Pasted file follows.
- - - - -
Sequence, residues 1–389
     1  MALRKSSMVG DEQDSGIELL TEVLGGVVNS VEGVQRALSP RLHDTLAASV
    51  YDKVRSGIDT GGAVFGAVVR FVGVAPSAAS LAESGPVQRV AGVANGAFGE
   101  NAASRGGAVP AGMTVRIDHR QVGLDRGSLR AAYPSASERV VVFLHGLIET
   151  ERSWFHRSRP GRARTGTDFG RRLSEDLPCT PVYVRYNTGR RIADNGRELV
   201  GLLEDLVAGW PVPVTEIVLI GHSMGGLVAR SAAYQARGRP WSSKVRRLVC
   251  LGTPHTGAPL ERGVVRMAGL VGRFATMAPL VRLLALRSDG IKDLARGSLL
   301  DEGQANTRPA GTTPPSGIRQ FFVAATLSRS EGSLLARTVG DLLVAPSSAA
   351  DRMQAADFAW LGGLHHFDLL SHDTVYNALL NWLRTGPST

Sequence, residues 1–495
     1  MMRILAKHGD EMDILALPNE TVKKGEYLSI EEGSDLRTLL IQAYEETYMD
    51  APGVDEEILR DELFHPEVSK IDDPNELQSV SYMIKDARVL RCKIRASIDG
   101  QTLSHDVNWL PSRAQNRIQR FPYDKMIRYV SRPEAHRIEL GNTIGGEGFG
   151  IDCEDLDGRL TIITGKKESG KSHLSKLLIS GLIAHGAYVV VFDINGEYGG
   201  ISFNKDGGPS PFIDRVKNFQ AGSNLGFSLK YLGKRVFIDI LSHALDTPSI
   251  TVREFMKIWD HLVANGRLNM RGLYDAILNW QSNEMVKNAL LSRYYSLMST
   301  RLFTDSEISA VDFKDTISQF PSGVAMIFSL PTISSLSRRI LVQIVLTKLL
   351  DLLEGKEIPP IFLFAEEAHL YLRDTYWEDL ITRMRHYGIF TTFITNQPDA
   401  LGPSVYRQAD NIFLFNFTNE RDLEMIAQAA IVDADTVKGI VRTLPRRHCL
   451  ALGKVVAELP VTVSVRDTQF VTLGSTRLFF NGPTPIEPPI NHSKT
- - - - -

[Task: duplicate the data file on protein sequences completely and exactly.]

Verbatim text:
Sequence, residues 1–389
     1  MALRKSSMVG DEQDSGIELL TEVLGGVVNS VEGVQRALSP RLHDTLAASV
    51  YDKVRSGIDT GGAVFGAVVR FVGVAPSAAS LAESGPVQRV AGVANGAFGE
   101  NAASRGGAVP AGMTVRIDHR QVGLDRGSLR AAYPSASERV VVFLHGLIET
   151  ERSWFHRSRP GRARTGTDFG RRLSEDLPCT PVYVRYNTGR RIADNGRELV
   201  GLLEDLVAGW PVPVTEIVLI GHSMGGLVAR SAAYQARGRP WSSKVRRLVC
   251  LGTPHTGAPL ERGVVRMAGL VGRFATMAPL VRLLALRSDG IKDLARGSLL
   301  DEGQANTRPA GTTPPSGIRQ FFVAATLSRS EGSLLARTVG DLLVAPSSAA
   351  DRMQAADFAW LGGLHHFDLL SHDTVYNALL NWLRTGPST

Sequence, residues 1–495
     1  MMRILAKHGD EMDILALPNE TVKKGEYLSI EEGSDLRTLL IQAYEETYMD
    51  APGVDEEILR DELFHPEVSK IDDPNELQSV SYMIKDARVL RCKIRASIDG
   101  QTLSHDVNWL PSRAQNRIQR FPYDKMIRYV SRPEAHRIEL GNTIGGEGFG
   151  IDCEDLDGRL TIITGKKESG KSHLSKLLIS GLIAHGAYVV VFDINGEYGG
   201  ISFNKDGGPS PFIDRVKNFQ AGSNLGFSLK YLGKRVFIDI LSHALDTPSI
   251  TVREFMKIWD HLVANGRLNM RGLYDAILNW QSNEMVKNAL LSRYYSLMST
   301  RLFTDSEISA VDFKDTISQF PSGVAMIFSL PTISSLSRRI LVQIVLTKLL
   351  DLLEGKEIPP IFLFAEEAHL YLRDTYWEDL ITRMRHYGIF TTFITNQPDA
   401  LGPSVYRQAD NIFLFNFTNE RDLEMIAQAA IVDADTVKGI VRTLPRRHCL
   451  ALGKVVAELP VTVSVRDTQF VTLGSTRLFF NGPTPIEPPI NHSKT